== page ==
May 2020 goodbye … and welcome

In May we said goodbye to the following individuals who left ISU Extension and Outreach:

  • Kristen Bieret, Shelby County office assistant.
  • Nancy Henry, Story County office assistant.
  • Thomas Miller, field specialist II, Agriculture and Natural Resources.
  • Nancy Paris, administrative specialist II, Extension Administration (retirement).

We welcome the following new staff:

  • Sara Baumgartner, Delaware County K-12 youth education coordinator.
  • Trey Beckman, Linn County nutrition educator.
  • Alexis Bodzioch, Winnebago County youth coordinator.
  • Joclyn Bushman, Buchanan County youth coordinator.
  • Landon Calderwood, West Pottawattamie County youth outreach coordinator.
  • Grace Davidson, Jefferson County youth coordinator.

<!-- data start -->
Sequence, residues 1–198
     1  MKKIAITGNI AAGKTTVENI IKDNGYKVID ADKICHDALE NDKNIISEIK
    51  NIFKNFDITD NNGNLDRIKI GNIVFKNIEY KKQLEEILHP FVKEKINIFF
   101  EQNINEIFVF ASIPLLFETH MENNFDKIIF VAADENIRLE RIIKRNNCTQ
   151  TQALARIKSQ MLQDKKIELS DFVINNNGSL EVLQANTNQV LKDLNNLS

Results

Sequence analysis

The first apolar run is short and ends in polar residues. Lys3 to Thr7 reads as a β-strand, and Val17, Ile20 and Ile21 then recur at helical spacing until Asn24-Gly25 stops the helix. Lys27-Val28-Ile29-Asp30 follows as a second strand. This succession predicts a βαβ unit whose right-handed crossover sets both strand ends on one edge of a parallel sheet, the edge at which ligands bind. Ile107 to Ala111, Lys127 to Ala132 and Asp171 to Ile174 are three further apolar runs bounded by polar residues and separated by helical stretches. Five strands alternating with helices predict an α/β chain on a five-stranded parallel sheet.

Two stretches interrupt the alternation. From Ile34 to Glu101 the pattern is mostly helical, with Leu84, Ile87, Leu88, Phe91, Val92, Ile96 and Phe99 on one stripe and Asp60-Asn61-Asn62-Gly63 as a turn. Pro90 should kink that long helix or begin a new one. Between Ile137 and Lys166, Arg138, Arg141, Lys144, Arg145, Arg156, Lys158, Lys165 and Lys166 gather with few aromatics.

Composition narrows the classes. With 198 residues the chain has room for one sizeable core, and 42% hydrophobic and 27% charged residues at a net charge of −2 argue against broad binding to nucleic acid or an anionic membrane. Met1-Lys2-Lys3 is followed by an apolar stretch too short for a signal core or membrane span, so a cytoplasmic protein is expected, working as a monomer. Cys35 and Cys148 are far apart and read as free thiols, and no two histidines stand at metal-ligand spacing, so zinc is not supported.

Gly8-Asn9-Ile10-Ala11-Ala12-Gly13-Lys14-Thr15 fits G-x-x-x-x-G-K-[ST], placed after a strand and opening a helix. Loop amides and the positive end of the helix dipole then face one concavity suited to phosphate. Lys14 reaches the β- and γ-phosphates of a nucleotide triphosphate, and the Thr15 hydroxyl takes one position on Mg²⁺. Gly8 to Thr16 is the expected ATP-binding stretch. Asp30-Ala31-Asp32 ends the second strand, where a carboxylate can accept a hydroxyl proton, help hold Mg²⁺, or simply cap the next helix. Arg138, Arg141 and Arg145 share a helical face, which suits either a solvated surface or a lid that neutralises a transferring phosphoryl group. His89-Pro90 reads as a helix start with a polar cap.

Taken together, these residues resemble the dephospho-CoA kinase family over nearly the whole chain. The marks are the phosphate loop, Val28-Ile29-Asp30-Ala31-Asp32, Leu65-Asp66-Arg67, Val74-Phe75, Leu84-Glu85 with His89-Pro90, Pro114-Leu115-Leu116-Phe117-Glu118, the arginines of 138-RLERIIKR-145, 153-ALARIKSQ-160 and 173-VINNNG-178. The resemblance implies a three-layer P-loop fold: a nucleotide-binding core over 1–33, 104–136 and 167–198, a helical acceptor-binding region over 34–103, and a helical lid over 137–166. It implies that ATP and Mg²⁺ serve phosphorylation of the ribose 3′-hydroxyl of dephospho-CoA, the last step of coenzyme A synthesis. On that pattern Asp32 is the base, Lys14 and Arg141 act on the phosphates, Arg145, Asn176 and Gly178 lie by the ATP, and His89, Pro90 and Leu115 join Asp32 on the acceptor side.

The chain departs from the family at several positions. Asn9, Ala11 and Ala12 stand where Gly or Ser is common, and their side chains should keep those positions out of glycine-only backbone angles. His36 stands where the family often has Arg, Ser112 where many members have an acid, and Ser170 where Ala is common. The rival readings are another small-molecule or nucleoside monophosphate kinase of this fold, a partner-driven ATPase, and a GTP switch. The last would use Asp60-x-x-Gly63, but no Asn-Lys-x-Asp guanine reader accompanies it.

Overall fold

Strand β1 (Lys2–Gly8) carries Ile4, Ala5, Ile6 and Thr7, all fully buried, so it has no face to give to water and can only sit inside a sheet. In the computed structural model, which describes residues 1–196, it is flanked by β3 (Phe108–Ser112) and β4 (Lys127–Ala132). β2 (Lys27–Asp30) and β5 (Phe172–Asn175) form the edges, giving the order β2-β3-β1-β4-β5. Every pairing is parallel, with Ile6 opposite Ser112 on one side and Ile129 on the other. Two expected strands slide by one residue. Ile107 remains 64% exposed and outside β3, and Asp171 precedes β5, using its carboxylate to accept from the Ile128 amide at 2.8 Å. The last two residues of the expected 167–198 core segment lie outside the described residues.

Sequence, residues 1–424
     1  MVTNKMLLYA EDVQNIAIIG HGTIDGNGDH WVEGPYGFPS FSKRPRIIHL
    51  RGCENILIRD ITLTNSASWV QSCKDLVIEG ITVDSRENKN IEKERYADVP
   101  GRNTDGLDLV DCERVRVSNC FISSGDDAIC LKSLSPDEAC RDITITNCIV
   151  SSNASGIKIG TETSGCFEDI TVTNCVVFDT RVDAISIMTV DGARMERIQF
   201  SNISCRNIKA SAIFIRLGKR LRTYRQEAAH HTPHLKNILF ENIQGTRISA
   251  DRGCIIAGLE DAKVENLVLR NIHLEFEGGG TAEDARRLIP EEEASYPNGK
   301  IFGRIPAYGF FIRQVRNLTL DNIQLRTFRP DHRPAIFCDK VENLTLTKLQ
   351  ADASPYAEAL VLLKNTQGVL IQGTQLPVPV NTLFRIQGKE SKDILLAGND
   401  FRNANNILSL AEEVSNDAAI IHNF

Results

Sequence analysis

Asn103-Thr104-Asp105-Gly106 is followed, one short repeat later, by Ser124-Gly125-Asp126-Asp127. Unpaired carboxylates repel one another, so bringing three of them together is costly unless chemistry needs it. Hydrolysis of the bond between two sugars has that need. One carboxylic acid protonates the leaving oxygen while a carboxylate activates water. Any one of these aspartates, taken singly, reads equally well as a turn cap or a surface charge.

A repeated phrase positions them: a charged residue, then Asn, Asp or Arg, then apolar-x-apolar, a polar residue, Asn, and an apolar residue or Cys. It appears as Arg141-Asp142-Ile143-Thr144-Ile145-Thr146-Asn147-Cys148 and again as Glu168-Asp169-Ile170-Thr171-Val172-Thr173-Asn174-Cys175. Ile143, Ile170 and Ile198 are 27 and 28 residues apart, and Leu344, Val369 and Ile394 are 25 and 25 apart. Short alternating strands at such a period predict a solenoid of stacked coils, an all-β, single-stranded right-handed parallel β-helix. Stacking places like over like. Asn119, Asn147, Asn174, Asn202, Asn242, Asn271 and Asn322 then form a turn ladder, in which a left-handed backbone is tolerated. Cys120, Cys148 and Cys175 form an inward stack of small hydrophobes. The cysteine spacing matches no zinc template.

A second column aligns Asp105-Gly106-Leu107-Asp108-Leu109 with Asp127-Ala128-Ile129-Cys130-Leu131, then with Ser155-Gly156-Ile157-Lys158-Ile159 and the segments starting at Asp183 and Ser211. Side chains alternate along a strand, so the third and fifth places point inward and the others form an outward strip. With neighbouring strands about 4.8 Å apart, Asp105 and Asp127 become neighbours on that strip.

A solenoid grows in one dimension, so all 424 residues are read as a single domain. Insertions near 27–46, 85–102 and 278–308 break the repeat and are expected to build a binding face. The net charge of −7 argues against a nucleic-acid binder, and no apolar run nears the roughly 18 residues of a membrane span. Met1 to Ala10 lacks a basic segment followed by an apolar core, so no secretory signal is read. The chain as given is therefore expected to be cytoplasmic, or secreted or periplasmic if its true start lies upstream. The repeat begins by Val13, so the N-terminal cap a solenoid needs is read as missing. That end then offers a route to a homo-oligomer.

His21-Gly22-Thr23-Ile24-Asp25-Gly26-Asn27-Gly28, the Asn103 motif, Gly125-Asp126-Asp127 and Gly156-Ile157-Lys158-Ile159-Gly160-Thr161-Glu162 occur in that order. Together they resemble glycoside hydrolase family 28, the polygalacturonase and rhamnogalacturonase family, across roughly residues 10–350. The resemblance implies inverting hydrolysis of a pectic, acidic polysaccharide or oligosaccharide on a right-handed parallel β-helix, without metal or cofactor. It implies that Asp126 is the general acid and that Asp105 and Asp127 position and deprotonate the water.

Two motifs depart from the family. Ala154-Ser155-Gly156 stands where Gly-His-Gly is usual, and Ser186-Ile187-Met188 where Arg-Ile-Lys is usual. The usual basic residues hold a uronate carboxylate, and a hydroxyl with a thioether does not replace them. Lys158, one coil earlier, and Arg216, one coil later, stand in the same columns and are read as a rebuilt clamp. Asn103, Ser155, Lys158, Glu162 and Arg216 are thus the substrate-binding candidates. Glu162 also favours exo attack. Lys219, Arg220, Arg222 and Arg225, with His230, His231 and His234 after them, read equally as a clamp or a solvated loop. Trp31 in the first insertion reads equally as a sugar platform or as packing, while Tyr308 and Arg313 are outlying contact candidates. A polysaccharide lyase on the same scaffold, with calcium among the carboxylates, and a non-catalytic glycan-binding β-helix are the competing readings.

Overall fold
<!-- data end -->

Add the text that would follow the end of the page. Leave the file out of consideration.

• Lydia Dingeman, Marion County education coordinator.
  • Melissa Hall, Wright County program coordinator.
  • Maya Rowe, Cerro Gordo County youth program assistant.
  • Julie Schultz, Union County CACFP coordinator.
  • Kara Vance, Buchanan County program assistant.
  • Amey Kollar, field specialist II, 4-H Youth Development.

June 2020 program update

Updates from the ISU Extension and Outreach leadership team

Community and Economic Development

  • Because of the COVID-19 pandemic, the Community Visioning Program canceled the focus-group workshops in five communities. In May, program meetings resumed in a virtual format, and program staff are currently working to develop meeting and design workshop protocols that follow ISU’s guidelines for reopening. In June, the following virtual meetings will take place: review of assessment meetings in Mingo, Fairfax, and Polk City; goal setting meetings in Elkader and Wellsburg; and a transportation meeting in Fairfax.